Sunday, August 28, 2011

New Hard Top

I'd been toying with the idea of building a hard top for the dodger for a couple months, since the day my friend Greg sent me a link to a blog about a cruising couple who built one for their boat on a dock in Mexico.  It got me thinking.  A hard top would be nice to have -- it would hold up a lot better in the sun and spray than canvas and provides a nice mounting platform for solar panels.  It would take some time and effort but I knew I could do it.  The more I thought about the project the more obsessed I got with it.  Unfortunately, There was no turning back.  Thanks, Greg.

After studying the cruising couple's blog I decided to do things a little differently.  They took an FRP wall panel from Home Depot, tied it over the dodger frame, and layed 6 layers of fiberglass over the top.  I liked the idea of the panel on the bottom.  This would give it a nice finished look and cut in half the amount of fairing, sanding, and painting I would need to do.  But instead of solid glass I decided to go with a foam core sandwiched between two layers of glass.  This would result in a lot of strength and stiffness without a lot of weight.  So, I bought a sheet of CoreCell, tied it over the frame, and cut it to size.

Since this was the biggest fiberglass project I'd ever attempted and I knew Greg had a lot of experience working with epoxy, I recruited him to help me lay it up.  We put a layer of 17-oz biaxial cloth over the foam core and followed it with a layer of 6-oz cloth and fairing filler.  The next day we moved it to the dock, turned it over, and layed down a layer of biaxial on the bottom side of the foam.  I had already cut a sheet of the FRP wall panel to size so we then epoxied that down to finish the glass work.  That was the easy part.

I spent countless hours over the next week filling, fairing, and sanding, followed by more filling, fairing, and sanding.  Until, at last, I had a nice smooth finish that was ready for paint.  A week later and I had 3 coats of glossy topside paint applied.  The conceptual hard dodger that had been living in my head for months was finally becoming a reality.  And, I have to say, it looked pretty good.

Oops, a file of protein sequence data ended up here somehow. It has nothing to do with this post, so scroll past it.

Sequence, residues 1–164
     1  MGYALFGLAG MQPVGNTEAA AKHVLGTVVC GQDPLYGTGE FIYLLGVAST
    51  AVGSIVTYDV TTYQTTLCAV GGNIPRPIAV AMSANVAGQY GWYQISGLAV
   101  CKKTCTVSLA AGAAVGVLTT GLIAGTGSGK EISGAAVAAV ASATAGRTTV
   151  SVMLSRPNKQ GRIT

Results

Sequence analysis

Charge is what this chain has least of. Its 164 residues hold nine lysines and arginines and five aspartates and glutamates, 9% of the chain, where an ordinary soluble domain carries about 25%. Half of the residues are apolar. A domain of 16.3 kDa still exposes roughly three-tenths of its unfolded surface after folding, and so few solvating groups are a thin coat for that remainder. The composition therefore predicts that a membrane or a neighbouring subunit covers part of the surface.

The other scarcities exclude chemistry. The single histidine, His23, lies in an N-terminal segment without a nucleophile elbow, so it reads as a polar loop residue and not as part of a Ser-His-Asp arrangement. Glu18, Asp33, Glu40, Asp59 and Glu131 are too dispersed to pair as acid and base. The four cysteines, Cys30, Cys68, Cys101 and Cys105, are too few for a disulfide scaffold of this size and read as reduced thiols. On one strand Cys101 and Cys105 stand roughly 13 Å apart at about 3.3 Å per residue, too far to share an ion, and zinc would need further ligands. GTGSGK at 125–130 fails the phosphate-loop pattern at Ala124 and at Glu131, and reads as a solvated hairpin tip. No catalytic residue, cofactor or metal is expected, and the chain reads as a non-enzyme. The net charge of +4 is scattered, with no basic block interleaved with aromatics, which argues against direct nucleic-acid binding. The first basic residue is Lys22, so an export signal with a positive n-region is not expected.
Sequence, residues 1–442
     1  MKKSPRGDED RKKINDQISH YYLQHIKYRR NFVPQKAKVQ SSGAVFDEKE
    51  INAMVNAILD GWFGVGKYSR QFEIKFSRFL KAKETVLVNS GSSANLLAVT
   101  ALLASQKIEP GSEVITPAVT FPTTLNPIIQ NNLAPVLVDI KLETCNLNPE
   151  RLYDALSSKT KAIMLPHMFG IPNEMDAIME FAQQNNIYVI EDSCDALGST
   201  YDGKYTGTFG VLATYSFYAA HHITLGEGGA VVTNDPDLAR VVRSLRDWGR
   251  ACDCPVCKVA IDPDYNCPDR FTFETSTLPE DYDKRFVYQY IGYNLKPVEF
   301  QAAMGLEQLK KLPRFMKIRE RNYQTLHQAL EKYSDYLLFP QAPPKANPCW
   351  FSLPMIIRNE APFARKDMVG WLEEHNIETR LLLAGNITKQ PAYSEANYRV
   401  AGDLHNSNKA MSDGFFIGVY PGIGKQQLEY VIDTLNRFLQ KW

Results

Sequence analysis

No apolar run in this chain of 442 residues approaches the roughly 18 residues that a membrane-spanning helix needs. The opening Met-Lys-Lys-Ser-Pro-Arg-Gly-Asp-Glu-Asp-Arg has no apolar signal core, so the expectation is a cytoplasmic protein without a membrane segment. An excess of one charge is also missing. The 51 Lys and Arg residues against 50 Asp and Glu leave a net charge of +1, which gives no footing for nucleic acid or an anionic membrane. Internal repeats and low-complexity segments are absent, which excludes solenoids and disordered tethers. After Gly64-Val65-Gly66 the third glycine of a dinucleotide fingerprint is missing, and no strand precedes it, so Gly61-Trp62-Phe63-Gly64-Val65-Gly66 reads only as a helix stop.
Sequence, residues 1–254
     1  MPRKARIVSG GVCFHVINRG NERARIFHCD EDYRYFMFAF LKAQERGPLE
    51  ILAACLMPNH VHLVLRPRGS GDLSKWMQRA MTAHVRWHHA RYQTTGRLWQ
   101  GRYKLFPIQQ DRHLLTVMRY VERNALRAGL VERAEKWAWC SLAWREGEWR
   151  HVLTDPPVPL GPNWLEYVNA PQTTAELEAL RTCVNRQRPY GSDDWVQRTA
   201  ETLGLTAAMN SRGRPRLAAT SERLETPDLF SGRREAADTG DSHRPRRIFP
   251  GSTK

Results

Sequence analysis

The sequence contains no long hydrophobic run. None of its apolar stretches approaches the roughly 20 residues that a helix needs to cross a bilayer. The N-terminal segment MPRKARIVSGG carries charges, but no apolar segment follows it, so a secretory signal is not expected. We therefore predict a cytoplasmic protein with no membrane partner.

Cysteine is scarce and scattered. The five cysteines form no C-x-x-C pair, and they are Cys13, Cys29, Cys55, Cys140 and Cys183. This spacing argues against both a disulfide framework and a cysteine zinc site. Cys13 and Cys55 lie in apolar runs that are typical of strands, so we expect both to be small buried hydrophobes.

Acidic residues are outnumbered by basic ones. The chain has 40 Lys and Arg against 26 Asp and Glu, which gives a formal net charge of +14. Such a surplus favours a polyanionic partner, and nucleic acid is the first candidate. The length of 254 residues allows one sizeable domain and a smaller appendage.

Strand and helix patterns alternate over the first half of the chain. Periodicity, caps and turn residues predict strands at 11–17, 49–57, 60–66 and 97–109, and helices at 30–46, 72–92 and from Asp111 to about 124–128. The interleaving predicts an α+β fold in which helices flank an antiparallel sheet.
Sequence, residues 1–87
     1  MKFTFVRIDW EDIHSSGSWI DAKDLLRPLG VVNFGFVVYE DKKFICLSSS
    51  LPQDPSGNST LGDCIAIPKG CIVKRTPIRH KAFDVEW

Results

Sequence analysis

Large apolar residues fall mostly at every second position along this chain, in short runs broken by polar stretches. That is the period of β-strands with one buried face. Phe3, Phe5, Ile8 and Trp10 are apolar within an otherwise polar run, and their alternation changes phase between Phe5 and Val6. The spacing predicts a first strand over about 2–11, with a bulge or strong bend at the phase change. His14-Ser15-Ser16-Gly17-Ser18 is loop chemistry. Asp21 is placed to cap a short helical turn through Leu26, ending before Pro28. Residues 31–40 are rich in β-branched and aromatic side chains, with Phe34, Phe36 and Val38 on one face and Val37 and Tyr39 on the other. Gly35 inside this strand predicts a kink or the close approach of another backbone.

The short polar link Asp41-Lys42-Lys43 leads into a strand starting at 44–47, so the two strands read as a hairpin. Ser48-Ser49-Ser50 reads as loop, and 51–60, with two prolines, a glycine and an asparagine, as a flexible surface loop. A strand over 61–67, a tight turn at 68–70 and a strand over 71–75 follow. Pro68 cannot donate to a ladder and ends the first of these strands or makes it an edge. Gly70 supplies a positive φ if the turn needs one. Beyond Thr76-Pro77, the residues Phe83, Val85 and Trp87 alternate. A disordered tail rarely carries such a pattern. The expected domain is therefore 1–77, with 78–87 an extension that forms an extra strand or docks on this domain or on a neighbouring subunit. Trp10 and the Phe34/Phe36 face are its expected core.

One minor miscalculation on my part involved the existing dodger frame.  It simply wasn't strong enough to support the additional weight of a hard top and solar panel.  I knew I'd need to beef it up a bit.  So, the next couple weeks involved buying new hardware, mounting bases in the deck, and cutting stainless tubing.  I added four additional struts which provided the necessary support.  No more wobble.

For the sides, I decided to reuse the existing canvas dodger and simply bolt the hard top over it.  Millie spent a day sewing chafing patches to help extend the life of the fabric.  I expect to get a couple more years out of the soft dodger, after which time we plan to make a new one and attach it directly to the hard top.   I ordered a solar panel to mount on top and once that has been done we'll stretch the canvas back on.  I can't wait to see it finished...really.

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Tuesday, August 23, 2011

Watermakers 101

Last year I started researching reverse-osmosis watermakers.  Since we plan to spend a lot of time in the Sea of Cortez and considering that my wife isn't really thrilled about salt-water showers I decided I'd better put one on the boat. 

However, buying one of these units for a small boat can put a big dent in the cruising kitty.  The concept is pretty straight-forward and most parts can be purchased online or at your local hardware store so why not  build it yourself?  With an internet connection and a little time you can dig up everything you need to know to put a system together. 

Essentially, you use a high-pressure pump to push salt water through a reverse-osmosis membrane.  Most of the water is discarded as brine while some is pushed through the membrane as fresh water.  I was looking primarily for a system that I could run every 2-3 days which would produce enough water for two people and use a minimal amount of battery power to operate. 

There are essentially two ways to go:  AC-powered or DC-powered.  Both require a significant about of power to operate.  AC systems produce a lot of water and can be powered by a generator and high-output inverter or run directly off the main diesel engine through an additional pulley.  For larger boats with an engine room you can put together a very modular AC system for a few thousand dollars.